Nordstrom is using Pinterest to decide which merchandise to feature in stores, with a special red tag affixed to shoes and handbags that are popular on the social network. Both in-store and online, Pinterest has come of age as a major force in holiday retail, helping consumers find products and retailers identify trends and market to the right consumers.
A new study of Pinterest users by market research firm Lab42 finds that 54 percent spend more time on the site during the holidays and 94 percent say it has changed the way they make their holiday preparations. And people are turning to Pinterest to share ideas—42 percent have a holiday-themed board.
That Pinning activity is translating into revenue for brands. Piquora, which helps retailers run Pinterest campaigns, says revenue driven from the site to retailers' sites doubled over the Thanksgiving holiday weekend. In a recent study Piquora did of 1,000 brands finds an average pin generates 78 cents in sales and drives two visits to company websites.
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Bottom line: Pinterest activity is proving incredibly valuable in driving purchases—which means a gold mine for retailers if they can figure out how to leverage that conversation. And it's a potential gold mine for Pinterest if the start-up can figure out how to effectively charge retailers.
Pinterest still has zero revenue, but it's making progress on its model to cash in on all that activity.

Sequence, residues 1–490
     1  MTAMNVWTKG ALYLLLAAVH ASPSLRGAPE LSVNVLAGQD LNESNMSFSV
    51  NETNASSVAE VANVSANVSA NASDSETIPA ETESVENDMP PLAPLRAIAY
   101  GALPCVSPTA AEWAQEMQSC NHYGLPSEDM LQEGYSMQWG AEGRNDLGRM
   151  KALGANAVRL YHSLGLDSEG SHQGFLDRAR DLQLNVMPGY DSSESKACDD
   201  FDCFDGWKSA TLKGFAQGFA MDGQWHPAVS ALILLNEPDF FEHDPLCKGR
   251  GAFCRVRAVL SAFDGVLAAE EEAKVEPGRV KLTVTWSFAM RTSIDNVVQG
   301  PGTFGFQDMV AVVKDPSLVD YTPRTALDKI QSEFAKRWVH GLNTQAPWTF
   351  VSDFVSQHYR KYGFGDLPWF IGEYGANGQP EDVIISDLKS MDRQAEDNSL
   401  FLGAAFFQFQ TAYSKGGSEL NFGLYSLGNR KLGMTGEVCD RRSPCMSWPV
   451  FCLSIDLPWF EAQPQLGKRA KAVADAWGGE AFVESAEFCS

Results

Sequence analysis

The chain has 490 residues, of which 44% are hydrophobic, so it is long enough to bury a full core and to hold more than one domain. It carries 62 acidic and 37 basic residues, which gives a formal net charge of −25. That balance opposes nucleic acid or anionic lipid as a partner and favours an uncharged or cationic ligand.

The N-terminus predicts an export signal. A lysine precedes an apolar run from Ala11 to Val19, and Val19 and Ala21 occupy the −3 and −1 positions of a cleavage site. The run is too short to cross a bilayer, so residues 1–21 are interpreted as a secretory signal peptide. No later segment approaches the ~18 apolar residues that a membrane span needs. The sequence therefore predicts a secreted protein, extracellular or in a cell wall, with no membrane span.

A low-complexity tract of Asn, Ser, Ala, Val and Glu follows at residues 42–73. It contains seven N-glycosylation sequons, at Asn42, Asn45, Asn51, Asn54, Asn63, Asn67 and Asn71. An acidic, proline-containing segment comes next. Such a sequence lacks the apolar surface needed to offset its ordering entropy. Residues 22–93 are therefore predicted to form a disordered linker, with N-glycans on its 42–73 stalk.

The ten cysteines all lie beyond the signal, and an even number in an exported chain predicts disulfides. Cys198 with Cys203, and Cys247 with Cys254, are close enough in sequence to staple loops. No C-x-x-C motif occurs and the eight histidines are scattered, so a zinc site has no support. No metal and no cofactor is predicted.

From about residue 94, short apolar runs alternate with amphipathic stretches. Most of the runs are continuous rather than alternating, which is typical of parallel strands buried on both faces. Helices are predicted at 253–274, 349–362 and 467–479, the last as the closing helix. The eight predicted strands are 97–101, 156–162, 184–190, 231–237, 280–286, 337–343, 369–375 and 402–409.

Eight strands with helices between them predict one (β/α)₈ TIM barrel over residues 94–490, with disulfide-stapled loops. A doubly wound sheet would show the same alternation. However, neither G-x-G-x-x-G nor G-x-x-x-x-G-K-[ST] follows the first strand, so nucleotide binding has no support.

It's called "Promoted Pins"—allowing brands to push products they want customers to be sure to see.
"Something we hear from our partners is, 'When our pins are on Pinterest, we see a lot of value, so how do we get more distribution for those pins?' " said Steve Patrizi, the company's head of partner marketing.
Pinterest has been experimenting with allowing companies to promote their pins but hasn't charged for it just yet.
Target has seen a 70 percent increase in traffic from Pinterest to Target.com since rolling out Rich Pins earlier this year, according to Target Chief Marketing Officer Jeff Jones.
"This year we'll rely most heavily on two social platforms: Pinterest and Facebook," he said. "In both places we've found we can really build commerce on the social graph."
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Patrizi said Pinterest is changing how consumers shop—a counterpart to Google, where people know exactly what they're looking for.
"People don't know what they want, they have some notion they need something, but they don't exactly know what it is, they don't know how to search for it," Patrizi says. "When you go to Pinterest it's a discovery experience, it's like walking into a mall. You don't know exactly what you want but then you see something and you know you want it."
With such valuable tools, we expect Pinterest to start charging for them next year.
—By CNBC's Julia Boorstin. Follow her on Twitter: @JBoorstin.
Correction: This story has been updated to reflect that Target saw a 70 percent increase in traffic in the first six weeks after implementing Rich Pins